Set in the early 20th century, in the "silent
movie era", this performance of Rodelinda, one of Handelís
finest operas, was performed and filmed at the Glyndebourne Festival
in 1998. Featuring a fine cast - including the excellent counter-tenor
Andreas Scholl - this work is conducted by William Christie, who brings
to Handelís music an excellent balance and energy.
First performed in 1725, this fine work was one of
Handelís great successes. Performed thirty times, including revivals
in 1726 and 1731, it even had one performance in Germany staged by George
Philip Telemann. It is one of Handelís most popular operas, after Giulio
Cesare and Serse.
The cast of this performance is quite good, though
not all of the soloists are up to the music. Soprano Anna Caterina Antonacci
as Rodelinda sounds a bit hurried and uncomfortable at first, in the
faster parts, and uses a lot of vibrato in an attempt to hide this.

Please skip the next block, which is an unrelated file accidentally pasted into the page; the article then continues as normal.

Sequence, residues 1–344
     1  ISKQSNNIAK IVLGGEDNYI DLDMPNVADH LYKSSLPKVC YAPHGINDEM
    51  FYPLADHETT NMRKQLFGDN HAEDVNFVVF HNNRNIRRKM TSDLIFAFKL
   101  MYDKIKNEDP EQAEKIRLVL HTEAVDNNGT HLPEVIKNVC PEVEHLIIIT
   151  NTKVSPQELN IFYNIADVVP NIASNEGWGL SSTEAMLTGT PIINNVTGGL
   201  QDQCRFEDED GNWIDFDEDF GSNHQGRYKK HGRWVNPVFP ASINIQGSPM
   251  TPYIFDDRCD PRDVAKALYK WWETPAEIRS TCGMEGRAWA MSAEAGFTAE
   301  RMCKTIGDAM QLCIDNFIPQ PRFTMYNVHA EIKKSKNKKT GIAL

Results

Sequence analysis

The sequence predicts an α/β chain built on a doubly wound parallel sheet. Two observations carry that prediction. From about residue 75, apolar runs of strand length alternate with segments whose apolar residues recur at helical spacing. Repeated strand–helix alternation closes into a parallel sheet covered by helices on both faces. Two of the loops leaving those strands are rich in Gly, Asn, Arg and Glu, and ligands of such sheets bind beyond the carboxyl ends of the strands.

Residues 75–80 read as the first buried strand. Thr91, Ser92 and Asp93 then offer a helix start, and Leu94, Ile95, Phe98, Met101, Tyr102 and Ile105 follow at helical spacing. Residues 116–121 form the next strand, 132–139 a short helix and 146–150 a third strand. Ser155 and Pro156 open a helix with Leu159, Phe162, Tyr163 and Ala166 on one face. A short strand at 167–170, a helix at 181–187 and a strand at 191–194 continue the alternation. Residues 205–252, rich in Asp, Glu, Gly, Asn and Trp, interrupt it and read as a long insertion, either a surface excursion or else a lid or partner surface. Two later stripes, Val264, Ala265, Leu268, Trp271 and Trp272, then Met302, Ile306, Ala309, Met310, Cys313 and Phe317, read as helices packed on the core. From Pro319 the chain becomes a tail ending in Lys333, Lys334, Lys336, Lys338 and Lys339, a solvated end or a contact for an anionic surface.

But as the opera moves on, she becomes more confident and ends up being
one of the highlights of the performance. Andreas Scholl brings a brilliant
presence to the stage when he sings his first aria in act I, and this
continues through to the final scene. His excellent voice is very fitting
for Handelian roles, and he performs with grace and energy. Scholl and
Antonacci together are almost perfect, and the third act is sublime.
Umberto Chiummo as Garibaldo seems to have the same
problem as Antonacci - in the early parts of the work, he is unconvincing,
but, he too becomes brilliant as the performance moves on.
The acting is a bit annoying. Fitting with the "silent
era" theme, the soloists are all in pancake make-up and red lipstick,
expressing exaggerated emotions with arched eyebrows and overstated
facial expressions. Sure, this fits with the theme, but it gets a bit
too much. However, the recording is excellent, and the balance between
the orchestra and singers is ideal.
While this recording starts out a bit bumpy, it is
well worth the ride. The singers eventually become comfortable, and
settle into their roles with a great deal of passion. Scholl and Antonacci
are the highlights of this fine performance of one of Handelís greatest
operas. A must have for Handel fans.